The first quarter of 2021 is likely to be remembered for the spike in spot prices in Asia in January, as cargoes were sold to Asian buyers at over USD 30/MMBtu and LNG ships were chartered for up to USD 350,000/day, with demand in Japan, South Korea and China boosted by temperatures well below the seasonal average.
In February, Texas experienced its lowest temperatures in decades, causing natural gas production wells to shut down and forcing LNG plants to reduce LNG production. In the last few weeks of the quarter, as temperatures returned to seasonal norms, LNG demand and supply began to strengthen – a first sign of a slow recovery from the Covid-19 pandemic, which reduced global LNG demand growth in 2020 to around 1%.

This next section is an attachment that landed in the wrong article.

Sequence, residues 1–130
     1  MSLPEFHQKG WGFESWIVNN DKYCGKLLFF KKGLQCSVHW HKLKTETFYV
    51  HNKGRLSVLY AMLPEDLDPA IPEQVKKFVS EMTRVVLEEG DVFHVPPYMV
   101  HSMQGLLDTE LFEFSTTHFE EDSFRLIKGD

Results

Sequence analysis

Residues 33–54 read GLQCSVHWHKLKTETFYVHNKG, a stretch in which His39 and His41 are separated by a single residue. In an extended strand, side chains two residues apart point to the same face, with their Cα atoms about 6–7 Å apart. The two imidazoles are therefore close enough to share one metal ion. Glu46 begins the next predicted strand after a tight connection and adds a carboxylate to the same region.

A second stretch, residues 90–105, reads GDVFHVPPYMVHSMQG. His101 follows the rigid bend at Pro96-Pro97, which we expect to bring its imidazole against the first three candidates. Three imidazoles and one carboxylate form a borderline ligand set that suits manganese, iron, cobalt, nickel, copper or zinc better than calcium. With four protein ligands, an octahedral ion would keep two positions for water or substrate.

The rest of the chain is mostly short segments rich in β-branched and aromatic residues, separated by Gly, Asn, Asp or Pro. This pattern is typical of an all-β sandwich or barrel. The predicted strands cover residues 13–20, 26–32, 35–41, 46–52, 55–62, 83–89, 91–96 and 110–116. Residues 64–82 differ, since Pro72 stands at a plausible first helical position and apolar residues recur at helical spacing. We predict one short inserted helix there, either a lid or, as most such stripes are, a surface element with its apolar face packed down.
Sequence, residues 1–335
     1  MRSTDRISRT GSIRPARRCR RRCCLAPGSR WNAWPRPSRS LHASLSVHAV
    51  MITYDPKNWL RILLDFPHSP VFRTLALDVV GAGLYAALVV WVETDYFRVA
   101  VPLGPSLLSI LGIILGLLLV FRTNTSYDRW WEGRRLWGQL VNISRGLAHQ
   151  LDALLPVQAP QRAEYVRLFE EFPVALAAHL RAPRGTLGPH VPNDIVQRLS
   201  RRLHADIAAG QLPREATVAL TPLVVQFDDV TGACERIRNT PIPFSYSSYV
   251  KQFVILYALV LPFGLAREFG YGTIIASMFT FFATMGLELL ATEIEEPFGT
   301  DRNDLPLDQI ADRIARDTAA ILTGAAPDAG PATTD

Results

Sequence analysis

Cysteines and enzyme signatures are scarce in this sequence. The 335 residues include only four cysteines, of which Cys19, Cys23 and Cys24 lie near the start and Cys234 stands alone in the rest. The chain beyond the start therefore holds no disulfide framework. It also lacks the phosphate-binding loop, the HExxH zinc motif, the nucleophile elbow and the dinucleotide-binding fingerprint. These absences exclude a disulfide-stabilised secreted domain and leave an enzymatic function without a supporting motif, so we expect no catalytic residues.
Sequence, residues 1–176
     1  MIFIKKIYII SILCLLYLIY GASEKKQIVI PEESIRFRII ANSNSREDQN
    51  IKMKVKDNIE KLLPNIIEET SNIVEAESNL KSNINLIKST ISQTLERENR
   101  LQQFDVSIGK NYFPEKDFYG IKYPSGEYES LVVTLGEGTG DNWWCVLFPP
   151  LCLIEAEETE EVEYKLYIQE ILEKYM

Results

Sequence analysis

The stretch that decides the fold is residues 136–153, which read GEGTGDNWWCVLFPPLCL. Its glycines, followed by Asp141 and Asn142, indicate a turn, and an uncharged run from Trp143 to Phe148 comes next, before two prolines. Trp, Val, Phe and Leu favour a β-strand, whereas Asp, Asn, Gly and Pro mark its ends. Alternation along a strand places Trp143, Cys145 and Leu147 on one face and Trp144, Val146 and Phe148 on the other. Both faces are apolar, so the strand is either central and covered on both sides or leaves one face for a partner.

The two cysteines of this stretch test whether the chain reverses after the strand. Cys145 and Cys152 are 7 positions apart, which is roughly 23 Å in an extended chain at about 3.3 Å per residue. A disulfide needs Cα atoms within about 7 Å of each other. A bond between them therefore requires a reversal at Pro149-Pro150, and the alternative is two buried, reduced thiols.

Despite the increase in Asian LNG demand in January, global demand was down year on year by 4.6% for the month and lower by 1.6% in February. However, in March demand increased by 8.3%, with the total for the quarter rising by 0.44 mt (0.4%). The growth was mainly in Asia, where demand was up by 7.94 mt year on year, with smaller increases of 0.83 mt in the Americas and 0.17 mt in the Middle East and North Africa (MENA) region.